Feet in the icy Atlantic water; Six Million Steps flag in one hand, South African flag in the other; action camera perched precariously on a giant discarded truck tyre; Step One had finally arrived. All the admin and anticipation behind, and the excitement and adventure ahead; man did it feel good!
Getting to the Orange River Mouth was quite a mission in itself. About 15 km of walking on dirt roads, along the riverbank, past mine warning signs and through the w(ast)etland rehabilition zone. My first glimpse of the confluence was quickly followed by a thought, “But how do I get there?” The tide was in, and it was getting higher by the minute. With the cold wind gusting about I really didn’t feel like a swim. So I trudged along the estuary until I found a spot shallow(ish) enough to walk (read tiptoe clumsily) across. It must have been quite a site for the giant white pelicans and hundreds of pink flamingos feeding in the murky waters.
Declared a RAMSAR Site (The Convention on Wetlands of International Importance), the Orange River Mouth and surrounding wetland plays host to over 75 bird species. I’m not so sure that the truck tyres and giant hunks of metal trash in the confluence and the disused concrete pipes lying in the dunes form part of this international importance business though. The rows of green mesh (now mostly collapsed) are meant to stop the exposed sand from blowing away and thus allow the vegetation to regrow, but eish.
Back in town two kids come cycling towards me, one braking with his bare foot on the gravel road. “Is jy die een wat so stap?” the other asks. Before I could really answer he’s off again. It seems news spreads fast in small towns.
A little further down the road a young boy, Eljiro, points at the rolled up flags in my hand, “Wat is dit?” he asks. “Ek hou van Suid-Afrika” he smiles as I unravel the SA flag. What a little champ.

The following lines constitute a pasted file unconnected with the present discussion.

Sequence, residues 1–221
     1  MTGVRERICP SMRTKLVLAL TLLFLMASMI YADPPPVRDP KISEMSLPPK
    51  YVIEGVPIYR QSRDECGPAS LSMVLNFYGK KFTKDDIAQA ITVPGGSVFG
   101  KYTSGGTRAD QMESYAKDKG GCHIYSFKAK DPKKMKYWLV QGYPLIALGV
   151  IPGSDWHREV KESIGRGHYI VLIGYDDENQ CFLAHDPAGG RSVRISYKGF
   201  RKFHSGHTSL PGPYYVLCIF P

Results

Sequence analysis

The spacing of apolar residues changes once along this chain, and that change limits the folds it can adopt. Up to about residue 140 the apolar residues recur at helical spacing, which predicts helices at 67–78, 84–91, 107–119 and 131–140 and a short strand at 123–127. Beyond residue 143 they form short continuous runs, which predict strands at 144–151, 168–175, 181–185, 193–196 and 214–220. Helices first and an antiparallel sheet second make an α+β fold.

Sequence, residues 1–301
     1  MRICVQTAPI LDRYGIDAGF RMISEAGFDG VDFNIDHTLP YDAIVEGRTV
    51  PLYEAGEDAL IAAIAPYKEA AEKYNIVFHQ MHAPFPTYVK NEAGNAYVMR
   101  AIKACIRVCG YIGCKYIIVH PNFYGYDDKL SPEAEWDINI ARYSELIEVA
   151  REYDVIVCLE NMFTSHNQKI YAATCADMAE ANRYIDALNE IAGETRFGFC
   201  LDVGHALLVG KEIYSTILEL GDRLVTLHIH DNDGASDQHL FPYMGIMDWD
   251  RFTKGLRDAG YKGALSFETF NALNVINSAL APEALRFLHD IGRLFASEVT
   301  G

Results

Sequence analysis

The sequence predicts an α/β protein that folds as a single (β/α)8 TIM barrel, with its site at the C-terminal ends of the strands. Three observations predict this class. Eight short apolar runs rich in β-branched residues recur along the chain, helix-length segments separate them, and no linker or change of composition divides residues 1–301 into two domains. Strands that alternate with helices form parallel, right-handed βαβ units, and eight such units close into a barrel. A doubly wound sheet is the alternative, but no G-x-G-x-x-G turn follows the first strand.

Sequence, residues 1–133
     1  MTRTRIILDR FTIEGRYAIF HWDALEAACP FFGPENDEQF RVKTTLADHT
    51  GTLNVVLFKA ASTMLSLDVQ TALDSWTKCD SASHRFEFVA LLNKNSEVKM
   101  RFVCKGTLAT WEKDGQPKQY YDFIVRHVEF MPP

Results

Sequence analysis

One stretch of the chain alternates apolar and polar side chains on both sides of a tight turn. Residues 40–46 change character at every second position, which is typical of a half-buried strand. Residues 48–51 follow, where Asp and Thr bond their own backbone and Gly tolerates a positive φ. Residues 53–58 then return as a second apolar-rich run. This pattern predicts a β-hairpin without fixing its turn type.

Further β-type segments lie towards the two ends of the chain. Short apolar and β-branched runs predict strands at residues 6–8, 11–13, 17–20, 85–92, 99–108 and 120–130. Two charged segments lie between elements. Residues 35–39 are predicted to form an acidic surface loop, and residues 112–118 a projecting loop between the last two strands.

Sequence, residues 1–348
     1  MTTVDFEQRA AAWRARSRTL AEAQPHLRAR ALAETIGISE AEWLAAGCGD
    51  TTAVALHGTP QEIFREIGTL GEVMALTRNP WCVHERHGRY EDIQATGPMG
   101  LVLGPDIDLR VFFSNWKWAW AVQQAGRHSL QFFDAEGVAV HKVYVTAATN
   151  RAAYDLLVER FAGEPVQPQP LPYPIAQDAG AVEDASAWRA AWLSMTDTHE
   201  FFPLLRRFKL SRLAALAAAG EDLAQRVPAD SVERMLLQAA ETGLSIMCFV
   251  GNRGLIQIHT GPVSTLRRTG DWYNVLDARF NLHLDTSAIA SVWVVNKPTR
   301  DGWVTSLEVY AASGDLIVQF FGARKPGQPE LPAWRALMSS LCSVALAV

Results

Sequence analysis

Around the corner a man in his yard asks me the same thing. 20 minutes later I’m still standing there chatting to Glen, Vissie and Boude.
“Pasop vir die strandwolve” warns Vissie.
“Hoe’s ‘n bietjie bier-geld?” asks Glen.
“Hy’t g’n geld nie! Die man moet stap!” reprimands Boude.
These guys crack me up!
As I approached the school (my destination for the day’s official walk) I came across some kids playing in a park. Without playstations, smartphones, television and the like these kids have come up with their own form of entertainment. A sand pit, a runway, two concrete blocks and some acrobatics. They rest the one concrete block at an angle on the other, charge as fast as they can, plant their feet on it and somersault into the sand pit. “Daai een met die groen hemp is gevaarlik Oom. Hy sal oor jou spring!” My faith wasn’t strong enough to stand in his path, so three of them lined up behind the concrete “springboard” and, sure-as-nuts, he catapaulted himself right over all of them. Madness. Excitedly they crowded around me as I played back the video.
After eventually reaching the school in the late afternoon (I thought this excursion would have been just a morning affair), I returned to the guesthouse to put my feet up. Tomorrow is the first real test as I carry the full pack out of Alexander Bay and on towards Port Nolloth. Heavy days!
Day 1 statistics:
Steps: 14 838
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